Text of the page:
There were some people in the Dakota community who saw the work as I intended it, and thought that it would be a way of raising awareness, particularly among the larger mainstream population that doesn’t know anything about our history. Part of the problem really there is that people don’t know history. We haven’t come to terms with our own history. Unfortunately, I was the messenger of that history, and often times the messenger gets attacked when people don’t like the message.

 

What’s the role of the artists in this current political moment, when we’re talking about “safe spaces” but we also have a president on the attack?

We’re not all going to agree on everything, but that’s OK. It would be boring if we did. I think artists need to fight for that. Particularly institutions now, all kinds of institutions. Institutions of art, journalism, museums, art schools, we all have to work together to try and hold space for cultural producers, filmmakers, writers, musicians, artists, everybody to do things that are difficult and maybe unpleasant, and to do that in a way that’s generous and civil. To disagree with each other but not make enemies out of each other — that’s a tricky one.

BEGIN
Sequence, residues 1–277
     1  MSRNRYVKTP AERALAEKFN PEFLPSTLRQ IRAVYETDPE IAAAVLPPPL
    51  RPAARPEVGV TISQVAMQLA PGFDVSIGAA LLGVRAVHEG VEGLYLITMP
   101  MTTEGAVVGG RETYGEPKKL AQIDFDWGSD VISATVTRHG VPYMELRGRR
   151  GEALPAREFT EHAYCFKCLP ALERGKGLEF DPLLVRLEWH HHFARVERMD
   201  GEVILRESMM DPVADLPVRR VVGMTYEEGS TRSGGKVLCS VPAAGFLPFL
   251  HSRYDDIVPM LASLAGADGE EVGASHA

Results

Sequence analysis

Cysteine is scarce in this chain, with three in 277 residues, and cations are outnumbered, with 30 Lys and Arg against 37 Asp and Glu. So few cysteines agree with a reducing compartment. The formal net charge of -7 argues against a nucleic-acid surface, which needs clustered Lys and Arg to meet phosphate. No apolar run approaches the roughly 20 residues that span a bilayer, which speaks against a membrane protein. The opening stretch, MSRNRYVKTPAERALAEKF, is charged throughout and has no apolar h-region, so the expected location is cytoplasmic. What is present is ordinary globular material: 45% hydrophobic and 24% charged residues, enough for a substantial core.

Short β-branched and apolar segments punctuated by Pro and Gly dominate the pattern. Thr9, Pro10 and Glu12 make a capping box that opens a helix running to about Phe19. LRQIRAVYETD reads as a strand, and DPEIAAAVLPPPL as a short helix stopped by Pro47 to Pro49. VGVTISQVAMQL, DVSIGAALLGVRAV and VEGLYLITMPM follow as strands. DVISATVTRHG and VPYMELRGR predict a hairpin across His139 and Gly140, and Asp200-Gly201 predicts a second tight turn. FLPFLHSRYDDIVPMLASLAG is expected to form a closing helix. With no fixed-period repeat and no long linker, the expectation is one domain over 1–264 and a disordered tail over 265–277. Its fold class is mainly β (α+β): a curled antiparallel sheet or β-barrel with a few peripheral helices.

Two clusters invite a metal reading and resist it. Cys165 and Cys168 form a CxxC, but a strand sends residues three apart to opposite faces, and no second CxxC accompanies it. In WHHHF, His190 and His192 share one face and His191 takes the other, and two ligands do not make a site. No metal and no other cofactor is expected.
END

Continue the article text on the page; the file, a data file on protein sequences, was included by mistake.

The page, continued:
What do you think American leaders of the past would think of our current political climate?

It’s a very polarized moment. I think we’re in a very dangerous point. Whether the United States has been in this situation before, I don’t know. … I think one of the key things for us is to really look at our history in a real serious way. We need a truth and reconciliation process, we need reparations and restorative policy in the country. I don’t know if that’s going to happen or not, but until we do that, we’re gonna have to keep having these kinds of battles with each other.

I think art is a great place to bring up these difficult things. I think with Trump’s election, we have so much anxiety, and fear. And reacting to things that we don’t like, that artwork, or literature, whatever, provokes a strong response. I’m not going to give up. Not that I want to have something like “Scaffold” happen again. I don’t, but I’m going to keep doing the same work I’ve always done.


The Venice Art Walk happens from noon to 6 p.m. at Google L.A. (340 Main St.) and various artists’ studios throughout Venice. Visit theveniceartwalk.org for full schedule and studio tour information.